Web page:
afflict

verb
af·​flict | \ ə-ˈflikt How to pronounce afflict (audio) \
afflicted; afflicting; afflicts

Definition of afflict

transitive verb

1a : to cause pain or suffering to : to distress so severely as to cause persistent suffering or anguish people afflicted with arthritis a region afflicted by hunger and poverty
2 obsolete
a : humble

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Choose the Right Synonym for afflict

afflict, try, torment, torture, rack mean to inflict on a person something that is hard to bear. afflict is a general term and applies to the causing of pain or suffering or of acute annoyance, embarrassment, or any distress. ills that afflict the elderly try suggests imposing something that strains the powers of endurance or of self-control. children often try their parents' patience torment suggests persecution or the repeated inflicting of suffering or annoyance. a horse tormented by flies torture adds the implication of causing unbearable pain or suffering. tortured by a sense of guilt rack stresses straining or wrenching. a body racked by pain

Examples of afflict in a Sentence

The disease afflicts an estimated two million people every year. the South was afflicted by a severe drought
Recent Examples on the Web The crash was the second large air disaster to afflict Ukraine this year. Bloomberg.com, "Ukraine Plane Crash Death Toll Rises to 26, With 1 Survivor," 26 Sep. 2020 The crash was the second large air disaster to afflict Ukraine this year. Fox News, "Ukraine plane crash death toll rises to 26, with 1 survivor," 26 Sep. 2020 The market ignores hardships that afflict normal people through no fault of their own. Edward P. Lazear, National Review, "The Poor Fare Best Under Free-Market Capitalism," 9 Sep. 2020 Cognitive dissonance must afflict anyone advocating for social constructivism in today’s rigidly neoliberal corporate environment. Hari Kunzru, The New York Review of Books, "The Wages of Whiteness," 8 Sep. 2020 Officials called it one of the most powerful hurricanes to afflict the U.S. Gulf Coast in decades. Washington Post, "Louisiana suffered ‘tremendous devastation’ at height of Hurricane Laura’s power," 28 Aug. 2020 Heat and humidity return to afflict our Thursday and Friday, along with thunderstorm chances. Washington Post, "D.C.-area forecast: Muggy heat holds, with thunderstorms at times," 25 Aug. 2020 That last one seems to afflict the Twins more than most. Phil Miller, Star Tribune, "Hit and miss: Twins, MLB batters go through offensive slump," 13 Aug. 2020 Sadly, the incident, which authorities are referring to as a possible drowning, marks the latest tragedy to afflict the cast of the popular TV musical dramedy, which ran on Fox from 2009 to '15. oregonlive, "‘Glee’ curse? Naya Rivera apparent drowning adds to tragedies linked to show," 10 July 2020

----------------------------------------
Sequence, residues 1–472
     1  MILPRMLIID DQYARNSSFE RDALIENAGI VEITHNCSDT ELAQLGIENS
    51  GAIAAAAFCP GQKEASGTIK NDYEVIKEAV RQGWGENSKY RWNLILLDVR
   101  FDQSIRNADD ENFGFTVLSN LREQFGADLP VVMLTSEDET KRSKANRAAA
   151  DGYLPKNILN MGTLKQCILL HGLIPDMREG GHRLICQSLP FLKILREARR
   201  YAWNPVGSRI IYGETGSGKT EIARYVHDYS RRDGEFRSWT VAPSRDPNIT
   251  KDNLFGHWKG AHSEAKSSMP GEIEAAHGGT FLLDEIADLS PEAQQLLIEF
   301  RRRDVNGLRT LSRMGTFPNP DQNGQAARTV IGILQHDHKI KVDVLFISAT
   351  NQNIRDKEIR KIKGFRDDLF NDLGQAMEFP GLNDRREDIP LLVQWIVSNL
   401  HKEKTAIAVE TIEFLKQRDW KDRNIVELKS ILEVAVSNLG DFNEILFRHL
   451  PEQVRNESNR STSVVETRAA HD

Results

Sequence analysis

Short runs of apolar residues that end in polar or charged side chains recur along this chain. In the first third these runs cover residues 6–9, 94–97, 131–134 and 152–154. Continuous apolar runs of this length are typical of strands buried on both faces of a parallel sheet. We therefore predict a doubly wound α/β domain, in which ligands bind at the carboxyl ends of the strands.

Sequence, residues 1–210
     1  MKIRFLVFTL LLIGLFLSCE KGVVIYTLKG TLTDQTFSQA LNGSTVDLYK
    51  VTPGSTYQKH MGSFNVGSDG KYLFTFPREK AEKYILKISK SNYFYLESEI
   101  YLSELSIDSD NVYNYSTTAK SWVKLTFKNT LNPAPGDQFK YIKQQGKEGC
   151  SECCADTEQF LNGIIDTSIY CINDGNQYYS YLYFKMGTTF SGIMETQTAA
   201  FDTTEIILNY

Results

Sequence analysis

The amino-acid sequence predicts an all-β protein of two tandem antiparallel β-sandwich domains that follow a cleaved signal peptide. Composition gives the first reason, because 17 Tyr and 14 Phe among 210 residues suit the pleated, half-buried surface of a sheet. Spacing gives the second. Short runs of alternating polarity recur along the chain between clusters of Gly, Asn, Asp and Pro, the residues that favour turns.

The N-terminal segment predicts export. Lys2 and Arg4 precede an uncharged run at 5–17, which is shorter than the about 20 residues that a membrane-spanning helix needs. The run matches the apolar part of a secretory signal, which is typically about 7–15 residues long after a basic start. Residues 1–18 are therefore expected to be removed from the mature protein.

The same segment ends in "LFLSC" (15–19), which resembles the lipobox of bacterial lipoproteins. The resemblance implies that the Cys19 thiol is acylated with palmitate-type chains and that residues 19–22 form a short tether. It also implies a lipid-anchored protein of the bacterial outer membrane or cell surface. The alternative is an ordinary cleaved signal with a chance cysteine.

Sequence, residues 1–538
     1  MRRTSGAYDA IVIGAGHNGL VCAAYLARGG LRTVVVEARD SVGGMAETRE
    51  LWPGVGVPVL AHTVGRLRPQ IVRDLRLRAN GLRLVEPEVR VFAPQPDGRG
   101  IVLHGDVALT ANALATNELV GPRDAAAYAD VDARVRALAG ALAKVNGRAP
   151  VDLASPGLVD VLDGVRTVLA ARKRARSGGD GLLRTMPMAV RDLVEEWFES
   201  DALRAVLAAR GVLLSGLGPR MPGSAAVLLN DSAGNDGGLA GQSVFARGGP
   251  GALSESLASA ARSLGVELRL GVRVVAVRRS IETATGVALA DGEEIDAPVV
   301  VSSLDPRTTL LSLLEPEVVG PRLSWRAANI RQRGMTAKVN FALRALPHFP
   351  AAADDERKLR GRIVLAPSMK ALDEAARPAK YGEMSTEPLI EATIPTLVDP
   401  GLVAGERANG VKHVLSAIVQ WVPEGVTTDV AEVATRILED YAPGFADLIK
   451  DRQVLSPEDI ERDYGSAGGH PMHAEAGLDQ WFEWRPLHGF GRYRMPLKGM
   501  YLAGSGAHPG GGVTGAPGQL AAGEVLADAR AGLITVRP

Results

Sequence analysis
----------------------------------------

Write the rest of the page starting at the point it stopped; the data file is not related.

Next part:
These example sentences are selected automatically from various online news sources to reflect current usage of the word 'afflict.' Views expressed in the examples do not represent the opinion of Merriam-Webster or its editors. Send us feedback.

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First Known Use of afflict

14th century, in the meaning defined at sense 2

History and Etymology for afflict

Middle English afflihten "to excite, become distressed," probably verbal derivative of affliht, aflyght "disturbed, upset," borrowed from Latin afflīctus, past participle of afflīgere "to knock or strike down, ruin, distress severely," from ad- ad- + flīgere "to strike down" — more at profligate entry 1

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Time Traveler for afflict

Time Traveler

The first known use of afflict was in the 14th century

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Statistics for afflict

Last Updated

3 Oct 2020

Cite this Entry

“Afflict.” Merriam-Webster.com Dictionary, Merriam-Webster, https://www.merriam-webster.com/dictionary/afflict. Accessed 30 Oct. 2020.

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More Definitions for afflict

afflict

verb
af·​flict | \ ə-ˈflikt How to pronounce afflict (audio) \
afflicted; afflicting

Kids Definition of afflict

: to cause pain or unhappiness to An unusual illness afflicted the young girl.

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Comments on afflict

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